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"Large Troops Entrenched vs Forts, how to handle?" Topic


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364 hits since 30 Jul 2018
©1994-2018 Bill Armintrout
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gamer1 Inactive Member30 Jul 2018 9:11 a.m. PST

Okay guys, been doing a lot of back and forth on this for my board game(labor of love), strategic level. We all know there were "forts" and there were large groups of troops that were in heavily fortified areas, just as hard to take, but much larger than the "forts". Examples that come to mine are Vicksburg & Petersburg.
So, my "problem" is how to show the difference on the game board of a group of troops much, much larger than the forts but just as hard to take and be fair and balanced about it? Vicksburg comes to mind the most.
My first thoughts are if you have an army and a fort in the same area you must first drive the army out before you can attack the fort. Also these forts, depending on size can only be reinforced with a limited number of extra troops.
My thoughts to represent, say Vicksburg was that resources and game turns had to be spent to build up a large area that could hold basically an army but be almost or just as tough to take as a fort.
But what if the army than later moves away, should all the protection in that are go as well, if not a city? After all since the areas represent large sections of a state even if the large section of rifle pits, extra supplies, etc stayed, most likely another battle in an area that large would not be fought in the same spot or from the same direction.
So, do you guys think I have a reasonable compromise to do this situation justice but keep it as simple as possible or do you guys think there is a better, more "historical" way to handle it? Thanks in advance for any suggestions:) Happy gaming all!

Okiegamer30 Jul 2018 11:49 a.m. PST

Permanent forts and entrenchments are one thing, lines of extensive field works are another. And whether or not troops occupied or were outside of these depended on the situation. The board game, "A House Divided," which is strategic level, handles this by allowing some of the chits in a given area (movement zone) to be covered by a fortification marker while others are not, although this really represents more permanent lines of entrenchments, not temporary field fortifications. The difference is that a movement impulse must be spent for the former to dig in, while those who just arrived might not be so covered. Then there is the question of whether the troops outside the trenches are helping to defend the city or whatever, or are a relief force sent to try to lift the siege. It's largely a matter of scale and what one is trying to represent. The possibilities are endless. During the American Civil War, a lot of the entrenched lines, especially around the industrial centers like Richmond and Atlanta, were pre-constructed using slave labor. The Confederate troops simply occupied them when they arrived, and then worked to improve them while the siege was going on. I'm not sure about Vicksburg, but my impression is that most of the works there were built rather hurriedly by the troops of Gen. Pemberton's army as Grant's army was closing in. After capturing the city, most of the Union army remained there for several months, during which time they pulled down the earthworks so that the Rebels couldn't re-occupy and use them later. The earthworks one sees at the national park there today are actually later 1930's WPA reconstructions. The fortifications around Vicksburg covered a relatively small area around a port city. They could easily have been reoccupied and used if the Confederates had ever recaptured the place. Those in the Wilderness, Spotsylvania and the various parts of the Atlanta Campaign were more temporary field fortifications, not nearly as elaborate, and probably would not have been of use again unless the two armies returned to exactly the same lines, which would have been unlikely.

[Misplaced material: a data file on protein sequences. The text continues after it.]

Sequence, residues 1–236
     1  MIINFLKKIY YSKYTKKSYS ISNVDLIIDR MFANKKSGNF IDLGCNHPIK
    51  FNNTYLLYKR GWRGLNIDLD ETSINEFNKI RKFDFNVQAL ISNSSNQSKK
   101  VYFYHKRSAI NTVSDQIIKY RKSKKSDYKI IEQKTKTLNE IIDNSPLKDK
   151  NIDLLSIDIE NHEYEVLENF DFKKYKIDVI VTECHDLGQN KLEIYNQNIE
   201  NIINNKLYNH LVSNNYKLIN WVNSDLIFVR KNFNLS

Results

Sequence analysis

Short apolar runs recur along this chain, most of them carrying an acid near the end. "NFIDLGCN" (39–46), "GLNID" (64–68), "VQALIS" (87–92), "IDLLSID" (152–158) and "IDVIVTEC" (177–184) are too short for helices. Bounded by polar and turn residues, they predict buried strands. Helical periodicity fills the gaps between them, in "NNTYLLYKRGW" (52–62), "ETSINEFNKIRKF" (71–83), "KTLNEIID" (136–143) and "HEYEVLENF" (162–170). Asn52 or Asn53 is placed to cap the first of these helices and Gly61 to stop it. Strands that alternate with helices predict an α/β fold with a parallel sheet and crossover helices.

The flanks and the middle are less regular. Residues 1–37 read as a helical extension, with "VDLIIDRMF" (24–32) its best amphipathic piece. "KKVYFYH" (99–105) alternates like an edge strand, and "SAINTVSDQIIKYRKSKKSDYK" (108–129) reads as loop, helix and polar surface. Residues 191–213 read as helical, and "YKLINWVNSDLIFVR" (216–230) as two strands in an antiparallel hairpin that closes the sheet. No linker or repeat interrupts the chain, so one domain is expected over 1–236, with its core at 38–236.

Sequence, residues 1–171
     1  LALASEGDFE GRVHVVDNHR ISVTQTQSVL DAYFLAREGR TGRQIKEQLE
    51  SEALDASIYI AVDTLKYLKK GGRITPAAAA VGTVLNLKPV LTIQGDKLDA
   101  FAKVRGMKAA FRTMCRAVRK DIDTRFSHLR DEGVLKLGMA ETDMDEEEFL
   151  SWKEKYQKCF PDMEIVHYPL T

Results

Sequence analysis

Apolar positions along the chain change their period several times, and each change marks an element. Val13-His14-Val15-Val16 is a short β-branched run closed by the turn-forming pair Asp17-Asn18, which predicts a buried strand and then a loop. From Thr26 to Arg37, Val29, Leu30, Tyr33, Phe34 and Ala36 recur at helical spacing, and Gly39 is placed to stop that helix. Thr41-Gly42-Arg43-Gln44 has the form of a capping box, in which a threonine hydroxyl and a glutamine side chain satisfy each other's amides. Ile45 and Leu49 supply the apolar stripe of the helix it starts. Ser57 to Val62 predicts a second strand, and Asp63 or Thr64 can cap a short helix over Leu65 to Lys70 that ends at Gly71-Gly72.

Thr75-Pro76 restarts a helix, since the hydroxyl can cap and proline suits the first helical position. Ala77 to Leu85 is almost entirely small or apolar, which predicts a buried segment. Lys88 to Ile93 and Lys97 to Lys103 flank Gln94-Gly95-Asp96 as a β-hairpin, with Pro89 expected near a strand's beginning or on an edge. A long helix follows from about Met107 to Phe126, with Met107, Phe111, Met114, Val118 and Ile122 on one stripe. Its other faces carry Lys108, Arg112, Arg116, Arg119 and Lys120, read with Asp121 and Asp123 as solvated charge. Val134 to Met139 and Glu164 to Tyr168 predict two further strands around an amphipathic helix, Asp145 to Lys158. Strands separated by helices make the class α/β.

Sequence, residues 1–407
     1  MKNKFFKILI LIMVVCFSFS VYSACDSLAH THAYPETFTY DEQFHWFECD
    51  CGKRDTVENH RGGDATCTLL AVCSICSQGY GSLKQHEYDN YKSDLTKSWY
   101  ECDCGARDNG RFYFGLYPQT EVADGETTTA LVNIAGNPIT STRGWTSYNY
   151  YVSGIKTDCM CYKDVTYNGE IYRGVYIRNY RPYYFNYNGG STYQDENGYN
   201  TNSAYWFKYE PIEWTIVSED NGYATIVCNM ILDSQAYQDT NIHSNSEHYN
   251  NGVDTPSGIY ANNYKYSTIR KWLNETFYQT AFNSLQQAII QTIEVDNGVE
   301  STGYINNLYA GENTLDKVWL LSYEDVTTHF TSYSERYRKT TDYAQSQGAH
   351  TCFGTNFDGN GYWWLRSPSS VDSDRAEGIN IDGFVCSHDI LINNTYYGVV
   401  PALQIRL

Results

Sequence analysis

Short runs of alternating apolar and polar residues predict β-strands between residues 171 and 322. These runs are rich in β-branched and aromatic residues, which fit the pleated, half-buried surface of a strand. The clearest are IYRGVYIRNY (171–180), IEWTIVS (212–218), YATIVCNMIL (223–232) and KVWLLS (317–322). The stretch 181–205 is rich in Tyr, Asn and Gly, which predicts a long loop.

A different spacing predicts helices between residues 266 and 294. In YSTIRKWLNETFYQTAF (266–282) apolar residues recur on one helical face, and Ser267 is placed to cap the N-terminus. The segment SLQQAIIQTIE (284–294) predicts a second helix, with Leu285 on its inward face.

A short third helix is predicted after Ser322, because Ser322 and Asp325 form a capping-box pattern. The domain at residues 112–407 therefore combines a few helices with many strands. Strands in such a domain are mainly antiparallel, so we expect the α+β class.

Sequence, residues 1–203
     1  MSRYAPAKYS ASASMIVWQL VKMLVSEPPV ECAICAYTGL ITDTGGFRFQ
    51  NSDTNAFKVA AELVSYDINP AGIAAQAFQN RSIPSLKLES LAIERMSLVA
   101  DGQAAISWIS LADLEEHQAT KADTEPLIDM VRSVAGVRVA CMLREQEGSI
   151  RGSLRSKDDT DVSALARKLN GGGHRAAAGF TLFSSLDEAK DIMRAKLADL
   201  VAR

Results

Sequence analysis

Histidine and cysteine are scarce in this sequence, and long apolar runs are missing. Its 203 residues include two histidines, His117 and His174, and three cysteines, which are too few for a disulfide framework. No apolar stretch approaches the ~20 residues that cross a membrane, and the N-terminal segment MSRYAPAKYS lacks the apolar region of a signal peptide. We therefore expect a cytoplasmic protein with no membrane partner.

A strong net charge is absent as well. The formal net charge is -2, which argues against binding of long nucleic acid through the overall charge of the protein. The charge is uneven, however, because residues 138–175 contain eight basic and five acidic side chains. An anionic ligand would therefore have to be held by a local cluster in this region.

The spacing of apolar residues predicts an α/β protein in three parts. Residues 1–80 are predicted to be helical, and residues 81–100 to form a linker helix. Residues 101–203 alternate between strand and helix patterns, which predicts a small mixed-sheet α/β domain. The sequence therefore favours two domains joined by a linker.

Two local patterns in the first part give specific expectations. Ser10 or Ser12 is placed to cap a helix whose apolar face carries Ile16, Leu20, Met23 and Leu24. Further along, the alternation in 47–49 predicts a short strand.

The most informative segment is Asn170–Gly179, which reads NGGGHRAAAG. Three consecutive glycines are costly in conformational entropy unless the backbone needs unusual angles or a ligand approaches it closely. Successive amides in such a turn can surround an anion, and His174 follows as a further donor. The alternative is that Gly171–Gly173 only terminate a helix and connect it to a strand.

gamer1 Inactive Member30 Jul 2018 12:44 p.m. PST

Thanks for the input, good points all, BTW, just FYI I actually live in Vicksburg and you are correct:)
Yah I have seen several games that has a system that allows for cities to have defenses improved but if one side is defending or next to a fort they just get some type of extra bonus. I think for that level game that is pretty close and practical but just a little to generic for my taste.
From your input I think I am on the right track allowing a particular objective(city) to be built up with time and resources. For a "meeting" engagement the defender will only have the option to build limited works, based on leadership, and then possibly have the option to improve them to "one level higher" if the battle last more than one day…….??? But like you said after the battle, unless its a particular objective, like a city, as soon as the armies move off the defenses are considered to no longer be there for practical reasons. Also have the year of the war have an influence on how likely it would be a defender can dig in since, as we all know, the longer the war went on and tactics changed, lessons were learned, the more comfortable each side got with the idea of digging in and the better each side got at it. Thanks again for the input! Happy gaming.

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